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Medical Marijuana Patients Need Protection NOT Policy Rhetoric. Will Congress Step Up?

The principles of good faith, fair play and common decency dictate that based on these facts, DOJ owes the state of Washington, and other similarly affected states like California, Montana, and Michigan, a period of time to bring state laws in compliance with the second Cole Memo.
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Last Thursday, Deputy Attorney General James Cole issued a long-awaited memo laying out the U.S. Department of Justice (DOJ) policy on state marijuana laws. At my office at Americans for Safe Access, we were all experiencing a kind of déjà-vu as the emails started flooding in. However, our excitement began to diminish as we read through the details.


As a medical cannabis advocate, I started 2009 with Obama's "Hope" in my veins. The Obama's administration made supportive statements from the beginning, including that the President was "not going to be using Justice Department resources to try to circumvent state laws." And in October 2009, medical cannabis advocates got the policy document we had been waiting for, with a memo issued to U.S. Attorneys by then-Deputy Attorney General David Ogden:

"As a general matter, pursuit of these priorities should not focus federal resources in your States on individuals whose actions are in clear and unambiguous compliance with existing state laws providing for the medical use of marijuana."

With this legal guidance, advocates, community members, and officials spent thousands of hours drafting compassionate legislation and strict regulations in at least eleven states. But when legislators and other state and local officials came close to passing or implementing these laws, they received threatening letters from U.S. attorneys.

The impact of threats made by U.S. Attorneys against public officials was the suspension or derailment of medical marijuana laws in the States of Arizona, California, Delaware, Hawaii, Montana, Rhode Island, and Washington followed by an intense campaign of raids, threats to landlords, and asset forfeiture lawsuits.

Instead of reigning in his U.S. Attorneys, the Obama Administration instead released the first Cole Memo, issued in 2011 by Deputy Attorney General Cole, laying out an ostensibly new interpretation of the Obama Administration's policy. This launched an attack on the medical cannabis community unprecedented in its scope, undermining state laws and coercing local lawmakers.

Despite the lack of a strong statewide dispensary regulatory system in California, many municipalities took steps to implement strong local regulations. In response to their proactive efforts to protect patients and best serve the community, U.S. Attorneys have gone out of their way to stop regulations from moving forward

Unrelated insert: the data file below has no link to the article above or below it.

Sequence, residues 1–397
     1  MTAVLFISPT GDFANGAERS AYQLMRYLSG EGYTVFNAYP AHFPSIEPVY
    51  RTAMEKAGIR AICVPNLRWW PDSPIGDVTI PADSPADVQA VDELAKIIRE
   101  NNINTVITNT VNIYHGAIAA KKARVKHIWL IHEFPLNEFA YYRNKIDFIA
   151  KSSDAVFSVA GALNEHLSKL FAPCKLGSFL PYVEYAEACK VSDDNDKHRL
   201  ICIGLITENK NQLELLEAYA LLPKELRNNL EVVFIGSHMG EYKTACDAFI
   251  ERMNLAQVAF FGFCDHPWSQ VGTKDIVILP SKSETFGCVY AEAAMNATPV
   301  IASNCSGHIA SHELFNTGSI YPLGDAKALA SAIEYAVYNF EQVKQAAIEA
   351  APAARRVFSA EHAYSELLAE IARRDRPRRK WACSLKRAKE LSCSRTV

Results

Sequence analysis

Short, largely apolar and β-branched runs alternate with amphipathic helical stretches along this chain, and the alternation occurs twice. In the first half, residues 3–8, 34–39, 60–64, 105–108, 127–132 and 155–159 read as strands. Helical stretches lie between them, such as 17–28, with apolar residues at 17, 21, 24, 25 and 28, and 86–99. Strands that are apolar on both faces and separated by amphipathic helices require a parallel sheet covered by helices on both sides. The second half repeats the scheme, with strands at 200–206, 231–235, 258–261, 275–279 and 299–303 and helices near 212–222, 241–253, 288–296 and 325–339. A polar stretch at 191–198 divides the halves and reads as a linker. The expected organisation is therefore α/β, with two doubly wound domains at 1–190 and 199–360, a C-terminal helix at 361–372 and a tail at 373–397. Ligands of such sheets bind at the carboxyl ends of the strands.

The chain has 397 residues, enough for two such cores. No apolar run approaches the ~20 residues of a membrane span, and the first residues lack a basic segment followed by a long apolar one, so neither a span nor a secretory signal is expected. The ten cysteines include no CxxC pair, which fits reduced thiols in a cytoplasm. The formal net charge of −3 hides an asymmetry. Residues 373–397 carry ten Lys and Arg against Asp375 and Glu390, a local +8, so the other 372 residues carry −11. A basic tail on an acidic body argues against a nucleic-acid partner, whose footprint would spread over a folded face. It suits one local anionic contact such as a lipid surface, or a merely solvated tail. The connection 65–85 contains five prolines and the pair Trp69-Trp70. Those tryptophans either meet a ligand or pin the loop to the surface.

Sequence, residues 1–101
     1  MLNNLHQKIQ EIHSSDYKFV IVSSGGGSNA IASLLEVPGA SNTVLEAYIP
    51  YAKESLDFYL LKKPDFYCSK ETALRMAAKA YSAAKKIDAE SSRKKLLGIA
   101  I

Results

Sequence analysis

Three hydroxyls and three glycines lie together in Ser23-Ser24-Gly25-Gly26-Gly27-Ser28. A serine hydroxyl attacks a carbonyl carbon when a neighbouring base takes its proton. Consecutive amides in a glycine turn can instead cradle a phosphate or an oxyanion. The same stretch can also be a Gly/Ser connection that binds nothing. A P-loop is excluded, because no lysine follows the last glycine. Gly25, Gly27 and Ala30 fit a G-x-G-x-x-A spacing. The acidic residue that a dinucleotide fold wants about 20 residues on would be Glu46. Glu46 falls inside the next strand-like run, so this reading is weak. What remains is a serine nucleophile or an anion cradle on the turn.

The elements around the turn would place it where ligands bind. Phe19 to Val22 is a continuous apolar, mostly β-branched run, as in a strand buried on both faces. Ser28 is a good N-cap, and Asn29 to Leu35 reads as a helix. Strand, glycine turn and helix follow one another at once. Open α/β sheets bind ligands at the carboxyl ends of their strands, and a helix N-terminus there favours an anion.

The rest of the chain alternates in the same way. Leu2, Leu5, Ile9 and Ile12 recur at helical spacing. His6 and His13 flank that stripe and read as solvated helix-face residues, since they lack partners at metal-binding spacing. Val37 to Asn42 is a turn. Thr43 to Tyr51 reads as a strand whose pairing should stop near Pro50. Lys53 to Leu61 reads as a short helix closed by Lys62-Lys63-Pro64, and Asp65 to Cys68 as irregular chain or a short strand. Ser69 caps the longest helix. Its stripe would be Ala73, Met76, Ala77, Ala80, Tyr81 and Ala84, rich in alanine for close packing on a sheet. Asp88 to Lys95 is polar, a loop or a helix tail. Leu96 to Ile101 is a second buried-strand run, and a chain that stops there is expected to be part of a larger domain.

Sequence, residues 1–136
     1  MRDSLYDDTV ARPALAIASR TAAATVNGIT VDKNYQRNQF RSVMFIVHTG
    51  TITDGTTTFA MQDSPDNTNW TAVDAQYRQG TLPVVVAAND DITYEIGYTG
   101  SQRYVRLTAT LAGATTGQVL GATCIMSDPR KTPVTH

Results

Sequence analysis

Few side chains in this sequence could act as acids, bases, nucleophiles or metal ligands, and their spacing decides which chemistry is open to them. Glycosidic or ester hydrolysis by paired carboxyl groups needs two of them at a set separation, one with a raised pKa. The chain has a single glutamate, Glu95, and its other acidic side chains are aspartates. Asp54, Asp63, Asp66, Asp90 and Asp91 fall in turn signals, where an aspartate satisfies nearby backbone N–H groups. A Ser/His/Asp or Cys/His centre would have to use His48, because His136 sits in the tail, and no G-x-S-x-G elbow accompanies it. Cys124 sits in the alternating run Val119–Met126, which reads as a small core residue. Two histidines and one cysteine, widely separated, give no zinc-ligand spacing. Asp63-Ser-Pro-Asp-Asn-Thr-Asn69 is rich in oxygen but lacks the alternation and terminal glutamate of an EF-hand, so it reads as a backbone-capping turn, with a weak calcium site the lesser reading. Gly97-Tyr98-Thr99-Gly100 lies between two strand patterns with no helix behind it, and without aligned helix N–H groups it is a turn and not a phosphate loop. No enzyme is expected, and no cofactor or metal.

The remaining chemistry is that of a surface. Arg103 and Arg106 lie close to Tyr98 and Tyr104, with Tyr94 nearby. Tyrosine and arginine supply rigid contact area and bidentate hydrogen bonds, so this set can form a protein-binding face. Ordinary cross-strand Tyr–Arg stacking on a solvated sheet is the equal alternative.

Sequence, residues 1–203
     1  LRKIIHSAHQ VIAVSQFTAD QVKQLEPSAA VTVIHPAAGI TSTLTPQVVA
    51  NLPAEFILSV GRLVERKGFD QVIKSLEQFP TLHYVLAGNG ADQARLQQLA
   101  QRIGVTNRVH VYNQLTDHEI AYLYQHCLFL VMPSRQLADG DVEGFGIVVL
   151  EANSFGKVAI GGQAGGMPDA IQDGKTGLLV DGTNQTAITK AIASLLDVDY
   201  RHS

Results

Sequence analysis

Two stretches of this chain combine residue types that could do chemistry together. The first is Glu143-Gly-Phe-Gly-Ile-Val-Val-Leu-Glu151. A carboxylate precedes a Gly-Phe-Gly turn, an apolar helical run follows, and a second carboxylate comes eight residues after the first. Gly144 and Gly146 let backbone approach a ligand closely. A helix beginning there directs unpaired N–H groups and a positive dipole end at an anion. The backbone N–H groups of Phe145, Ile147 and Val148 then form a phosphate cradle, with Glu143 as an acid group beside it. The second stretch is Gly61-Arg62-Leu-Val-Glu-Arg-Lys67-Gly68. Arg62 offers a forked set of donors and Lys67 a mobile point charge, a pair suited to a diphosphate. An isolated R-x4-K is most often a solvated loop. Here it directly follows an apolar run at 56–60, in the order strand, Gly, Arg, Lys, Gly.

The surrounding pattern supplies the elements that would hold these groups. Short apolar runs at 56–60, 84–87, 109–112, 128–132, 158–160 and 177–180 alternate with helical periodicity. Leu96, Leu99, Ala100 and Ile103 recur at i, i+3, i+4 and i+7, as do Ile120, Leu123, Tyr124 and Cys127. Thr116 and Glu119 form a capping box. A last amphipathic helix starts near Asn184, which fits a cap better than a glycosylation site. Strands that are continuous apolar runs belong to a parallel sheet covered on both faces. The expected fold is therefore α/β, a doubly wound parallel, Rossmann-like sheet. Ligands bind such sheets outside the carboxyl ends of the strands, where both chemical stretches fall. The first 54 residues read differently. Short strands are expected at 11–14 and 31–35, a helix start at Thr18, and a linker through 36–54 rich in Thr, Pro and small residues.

On August 15, 2011, the Eureka City Council received a letter from Melinda Haag, the U.S. Attorney for the Northern District of California, threatening that its regulation of medical marijuana dispensaries violated federal law. Specifically, the letter said:

"If the City of Eureka were to proceed, this office would consider injunctive actions, civil fines, criminal prosecution, and the forfeiture of any property used to facilitate a violation of [federal law]."

Because of these threats, the City of Eureka has suspended implementation of its local ordinance.

Not satisfied with intimidating local officials, the U.S. Attorneys from California soon announced a campaign to undermine the state's production and distribution system, using raids, criminal prosecutions and asset forfeiture against state compliant medical marijuana operations. As part of this ongoing campaign, U.S. Attorneys are threatening landlords of medical marijuana businesses with criminal and civil action if they do not evict their tenants. U.S. Attorneys in California have also begun forfeiture proceedings against a handful of property owners.

Fast Forward

Fast forward to Thursday, when the second Cole Memo was issued. Notably, this memo stated that a strong and effective regulatory system could avert the kind of federal interference happening in California.

"As explained above, however, both the existence of a strong and effective state regulatory system and an operation's compliance with such a system may allay the threat that an operation's size poses to federal enforcement interests."

However, what about efforts by the DOJ to derail local dispensary ordinances in California?

Shortly after reading the second Cole Memo, we received word from Washington State on how their U.S. Attorney was interpreting it. Seattle U.S. Attorney for Western Washington Jenny Durkan said in a statement Thursday that the Cole memo changed nothing about her so-far aggressive response to medical marijuana in her state: